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Is Parquet used only as an intermediate format as it looks more machine readable than human readable

 
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I read a file which was in JSON format into a Spark data frame and saved that as parquet file so that I can view how it looks like. Below is the JSON file and its parquet equivalent:

The JSON file:

people.json



The Parquet file:

Inside people.parquet folder :




Although it is readable, Parquet file looks more like machine readable file and less like human readable. Is it used only as an intermediate format and not for starting or end stage?

thanks
 
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It's a binary file format, and thus not human readable (not that text file formats always are, but that's a diffent topic). Many file formats are not meant to be viewed by humans.
 
Monica Shiralkar
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Tim Moores wrote:It's a binary file format, and thus not human readable (not that text file formats always are, but that's a diffent topic). Many file formats are not meant to be viewed by humans.



Thanks. So is it only for intermediate stage instead of initial or final one?
 
Tim Moores
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Not sure what you're asking. It's what the app uses, and it's not meant for human consumption. That's really all that matters.
 
Monica Shiralkar
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Suppose, a developer is reading a JSON/text/CSV and processing the data and producing result as JSON/text/CSV format. Since the input as well as output would be readable he/she would know that this is the kind of input and this is what I am expecting the output to be and check whether it is correct. Now, suppose the developer is reading parquet instead. Since it is less readable he would not easily know that for this data what is the program expected to produce output as and verify the object. So, I thought may be it is not used as input or output but at intermediate stage.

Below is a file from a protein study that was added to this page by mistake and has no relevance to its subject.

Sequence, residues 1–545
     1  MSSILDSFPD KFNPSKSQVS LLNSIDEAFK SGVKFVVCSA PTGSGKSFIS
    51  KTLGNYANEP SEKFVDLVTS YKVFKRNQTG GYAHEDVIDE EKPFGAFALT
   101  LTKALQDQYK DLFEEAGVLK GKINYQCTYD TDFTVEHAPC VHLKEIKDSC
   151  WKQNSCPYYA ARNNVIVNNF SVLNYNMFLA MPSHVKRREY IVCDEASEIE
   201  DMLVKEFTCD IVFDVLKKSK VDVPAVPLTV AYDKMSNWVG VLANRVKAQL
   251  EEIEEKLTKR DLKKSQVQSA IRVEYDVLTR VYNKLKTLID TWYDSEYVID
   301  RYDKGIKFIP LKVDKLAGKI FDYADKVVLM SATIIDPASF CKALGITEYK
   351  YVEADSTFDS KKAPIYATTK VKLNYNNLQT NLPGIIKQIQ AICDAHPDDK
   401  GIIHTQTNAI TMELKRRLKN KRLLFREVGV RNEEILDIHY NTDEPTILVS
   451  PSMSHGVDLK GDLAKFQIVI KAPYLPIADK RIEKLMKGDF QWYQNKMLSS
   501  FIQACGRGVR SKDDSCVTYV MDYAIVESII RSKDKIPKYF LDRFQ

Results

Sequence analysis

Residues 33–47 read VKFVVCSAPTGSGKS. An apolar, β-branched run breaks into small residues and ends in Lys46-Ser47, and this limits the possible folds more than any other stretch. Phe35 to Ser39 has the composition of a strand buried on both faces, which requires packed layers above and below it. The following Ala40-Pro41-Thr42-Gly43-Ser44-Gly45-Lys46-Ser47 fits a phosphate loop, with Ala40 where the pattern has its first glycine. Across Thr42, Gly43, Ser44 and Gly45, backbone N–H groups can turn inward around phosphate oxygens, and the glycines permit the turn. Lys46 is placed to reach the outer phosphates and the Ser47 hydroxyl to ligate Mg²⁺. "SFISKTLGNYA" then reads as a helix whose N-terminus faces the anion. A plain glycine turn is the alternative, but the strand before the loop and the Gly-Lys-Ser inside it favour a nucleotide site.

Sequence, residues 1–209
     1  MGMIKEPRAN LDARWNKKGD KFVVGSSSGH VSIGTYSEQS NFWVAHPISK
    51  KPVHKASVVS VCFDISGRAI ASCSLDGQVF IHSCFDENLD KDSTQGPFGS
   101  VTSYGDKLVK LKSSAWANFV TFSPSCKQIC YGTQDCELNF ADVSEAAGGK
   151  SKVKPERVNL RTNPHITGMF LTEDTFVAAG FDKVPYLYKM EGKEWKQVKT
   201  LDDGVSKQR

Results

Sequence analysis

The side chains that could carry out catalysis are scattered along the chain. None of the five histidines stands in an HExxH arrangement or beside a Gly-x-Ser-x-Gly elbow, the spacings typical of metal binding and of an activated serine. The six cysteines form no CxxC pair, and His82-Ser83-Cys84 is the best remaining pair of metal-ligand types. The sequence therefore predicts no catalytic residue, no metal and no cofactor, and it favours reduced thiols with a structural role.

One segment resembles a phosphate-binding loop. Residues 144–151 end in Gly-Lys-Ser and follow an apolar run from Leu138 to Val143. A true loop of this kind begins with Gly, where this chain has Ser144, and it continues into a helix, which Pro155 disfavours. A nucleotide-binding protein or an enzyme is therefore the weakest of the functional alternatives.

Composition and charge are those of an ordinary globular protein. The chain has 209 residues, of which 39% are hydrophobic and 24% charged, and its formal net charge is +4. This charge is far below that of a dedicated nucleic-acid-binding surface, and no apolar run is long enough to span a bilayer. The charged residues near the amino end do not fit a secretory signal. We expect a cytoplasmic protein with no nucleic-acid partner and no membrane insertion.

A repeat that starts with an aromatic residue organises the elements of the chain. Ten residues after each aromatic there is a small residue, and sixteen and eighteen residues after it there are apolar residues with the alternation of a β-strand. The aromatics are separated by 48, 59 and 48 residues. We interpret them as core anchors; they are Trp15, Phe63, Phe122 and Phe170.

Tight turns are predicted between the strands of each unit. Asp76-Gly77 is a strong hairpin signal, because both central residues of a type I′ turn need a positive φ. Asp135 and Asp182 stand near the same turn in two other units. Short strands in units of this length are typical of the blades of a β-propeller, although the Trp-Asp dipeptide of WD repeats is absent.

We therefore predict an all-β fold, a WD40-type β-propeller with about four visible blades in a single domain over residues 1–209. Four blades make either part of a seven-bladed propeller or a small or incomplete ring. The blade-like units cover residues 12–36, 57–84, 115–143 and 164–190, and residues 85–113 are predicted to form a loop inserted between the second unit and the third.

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Tim Moores wrote:Many file formats are not meant to be viewed by humans.


This includes JSON/CSV/XML as well.  These are representations for transport and storage, not for interaction with application users.  Just because the format may be readable by humans doesn't mean that they are intended to be read by humans.

I can't think of any applications that I use (other than ones specifically for software development) which use JSON as an input or output.
 
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For E.g if a developer is working on a REST API which takes JSON input, he can easily see the input and know the expected output and check whether those are the same. In Parquet still it would be possible to have a looks. Just that it is little less readable than a JSON/XML/CSV/Text file.
 
Tim Moores
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As I understand it, Parquet is for storage, not interchange. So the point about comparing inputs and outputs is moot. (I might be wrong about this.)

Ron McLeod wrote:Just because the format may be readable by humans doesn't mean that they are intended to be read by humans.


Quoted for emphasis. Much harm was done by people assuming that XML was meant to be created or maintained by humans. Much more flexible and easy to use alternatives existed, but we had to live with Struts config files and the like for years. :-(
 
Monica Shiralkar
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Tim Moores wrote:As I understand it, Parquet is for storage, not interchange.



Does that mean not for reading as input to a program?  What does it mean that parquet is for storage. I mean storage of data is normally done on a filesystem (or a database).

I read further on parquet that it is faster than avro if we are dealing with lot of columns.
 
Tim Moores
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Of course it's for reading, but by software, not by humans. Databases store their data in files.
 
Monica Shiralkar
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Parquet is faster than Avro/JSON if the processing involves many columns.
For data processing (e.g using Spark), is Parquet to be used for the same kind of use cases as JSON/Avro have been getting used  (e.g as input to Spark) or not?
 
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